Notice anything different about the latest Academy Award nominees? Right, they actually look a tad like the rest of America this year. Even Rashad Robinson, executive director of Color of Change is impressed, saying in a statement: "In an extraordinary turnaround after two years of #OscarsSoWhite, the Academy today nominated a field of accomplished Black actors, directors, screenwriters, and others for the industry’s highest honor."
Two years ago, Robinson's organization launched the Hollywood Culture project with the goal of "ensuring accurate, diverse, empathetic, and human portrayals of Black people on television and throughout the media landscape."
This effort, along with others, now seems to be paying dividends.
Meanwhile, within the film industry itself, one power couple is taking a real stand on diversity, and putting up new funding, too: Will and Jada Smith.
Last year, I looked at a gift from the Will and Jada Smith Family Foundation to remedy pervasive gender inequality in the film world. Now comes word they're broadening their efforts beyond gender disparities.
As part of a two-year commitment, the foundation will support the Sundance Institute’s Screenwriters Intensive and year-round work with diverse independent filmmakers and artists.
The Screenwriters Intensive, part of the Institute’s Feature Film Program, provides opportunities for 10 emerging screenwriters from underrepresented communities in a two-day workshop on the creative process. It works in partnership with the Institute’s Diversity Initiative.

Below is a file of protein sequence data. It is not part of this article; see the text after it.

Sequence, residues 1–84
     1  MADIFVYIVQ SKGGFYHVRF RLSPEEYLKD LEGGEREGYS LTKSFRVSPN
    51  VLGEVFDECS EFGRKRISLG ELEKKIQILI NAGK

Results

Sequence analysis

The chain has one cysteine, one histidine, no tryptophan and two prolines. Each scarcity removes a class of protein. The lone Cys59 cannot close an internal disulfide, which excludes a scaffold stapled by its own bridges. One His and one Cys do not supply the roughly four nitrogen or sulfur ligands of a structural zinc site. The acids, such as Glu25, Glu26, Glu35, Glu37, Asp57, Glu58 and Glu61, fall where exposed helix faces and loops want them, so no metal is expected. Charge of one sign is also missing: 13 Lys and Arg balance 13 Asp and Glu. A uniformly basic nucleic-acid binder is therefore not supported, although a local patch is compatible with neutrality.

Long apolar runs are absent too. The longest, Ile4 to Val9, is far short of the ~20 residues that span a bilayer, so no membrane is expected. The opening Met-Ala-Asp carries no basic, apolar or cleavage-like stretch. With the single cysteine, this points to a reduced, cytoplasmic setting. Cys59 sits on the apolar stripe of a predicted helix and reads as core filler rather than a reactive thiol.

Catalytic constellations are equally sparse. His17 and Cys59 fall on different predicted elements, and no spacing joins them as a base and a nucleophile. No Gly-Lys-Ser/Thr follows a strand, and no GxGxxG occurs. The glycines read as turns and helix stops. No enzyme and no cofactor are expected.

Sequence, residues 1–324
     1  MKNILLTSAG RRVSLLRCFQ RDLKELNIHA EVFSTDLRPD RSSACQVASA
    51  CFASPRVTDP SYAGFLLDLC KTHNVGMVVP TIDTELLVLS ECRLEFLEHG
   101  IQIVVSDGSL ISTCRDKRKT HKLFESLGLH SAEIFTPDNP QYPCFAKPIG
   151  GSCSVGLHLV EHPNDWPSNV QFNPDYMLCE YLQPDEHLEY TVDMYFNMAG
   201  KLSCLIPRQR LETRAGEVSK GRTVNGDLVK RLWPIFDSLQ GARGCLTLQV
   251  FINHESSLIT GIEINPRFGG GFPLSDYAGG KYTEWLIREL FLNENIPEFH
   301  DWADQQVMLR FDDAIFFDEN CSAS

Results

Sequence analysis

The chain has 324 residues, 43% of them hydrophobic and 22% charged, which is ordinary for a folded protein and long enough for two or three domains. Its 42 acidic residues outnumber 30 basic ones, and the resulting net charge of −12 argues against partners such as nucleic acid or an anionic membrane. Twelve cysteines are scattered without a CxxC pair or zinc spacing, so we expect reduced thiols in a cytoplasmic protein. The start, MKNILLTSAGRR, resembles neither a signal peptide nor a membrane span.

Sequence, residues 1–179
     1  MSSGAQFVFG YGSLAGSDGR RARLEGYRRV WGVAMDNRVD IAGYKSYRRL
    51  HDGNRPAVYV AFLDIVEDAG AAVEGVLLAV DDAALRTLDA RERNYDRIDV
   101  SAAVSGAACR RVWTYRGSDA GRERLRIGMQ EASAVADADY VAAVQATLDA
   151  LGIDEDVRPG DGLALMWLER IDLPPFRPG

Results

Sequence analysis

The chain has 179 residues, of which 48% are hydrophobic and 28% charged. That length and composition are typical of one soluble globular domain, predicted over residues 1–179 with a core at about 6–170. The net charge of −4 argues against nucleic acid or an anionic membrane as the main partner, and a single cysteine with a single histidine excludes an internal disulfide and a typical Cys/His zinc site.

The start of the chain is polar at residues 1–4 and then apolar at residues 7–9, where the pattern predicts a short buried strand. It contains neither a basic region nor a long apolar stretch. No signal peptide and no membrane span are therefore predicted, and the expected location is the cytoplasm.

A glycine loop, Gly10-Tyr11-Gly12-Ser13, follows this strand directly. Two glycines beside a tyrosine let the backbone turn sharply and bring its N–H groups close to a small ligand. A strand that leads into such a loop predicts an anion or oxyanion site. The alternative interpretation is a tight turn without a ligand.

This is obviously a big issue for Will and Jada Smith, who famously boycotted the Oscars last year in protest over the lack of diversity among nominees in major categories. (Presumably, now that the academy's 2017 nominees include six black actors—a record—the couple will show up.)
Of course, Sundance and the Will and Jada Smith Foundation aren't alone among funders in promoting diversity in the film industry. For example, we recently looked at the Saul Zaentz Innovation Fund in Film and Media at John Hopkins University, which aims to "empower and embolden new voices," noting: "From transgender artists and a 50+ year-old African American producer to a Jewish writer and an African American lesbian preacher, the fellows' races, ages, religions and genders vary much like the stories they are telling."
We've also written about the efforts to promote women in Hollywood specifically, such as that earlier gift by Will and Jada Smith, Meryl Streep's gift to promote female screenwriters over 40, and support of the Sundance Female Filmmakers Initiative by funders like Ruth Ann Harnisch.
In the Sundance press release about the latest Smith gift, I couldn't help but notice the proliferation of words like "stories" and "storytellers." This is no accident. Funders of all stripes are embracing the term and in doing so, expanding the form's reach.
To get a sense of the scale at play, here, simply juxtapose these two recent gifts. The first: Baltimore philanthropists Mark and Patricia Joseph's $3 million gift to make the School for the Arts the first high school in Baltimore to offer a "film and visual storytelling program." Meanwhile, on the other end of the spectrum, the mighty Ford Foundation, with an endowment of $12 billion and change, boldly proclaimed: "We believe creative visual storytelling is vital to the pursuit of justice and equity in the 21st century."
As for Sundance, its diversity Initiative—which recently netted a three-year grant from the Time Warner Foundation—reaches into "new communities of storytellers and audiences across regions, genres, ethnicities, gender and orientation."
Commenting on the Smith give, Executive Director Keri Putnam said, “We are so grateful for the generous support of the Will & Jada Smith Family Foundation. Together, we will build momentum and awareness about the need to create a film and media landscape that reflects the full richness and diversity of our culture.”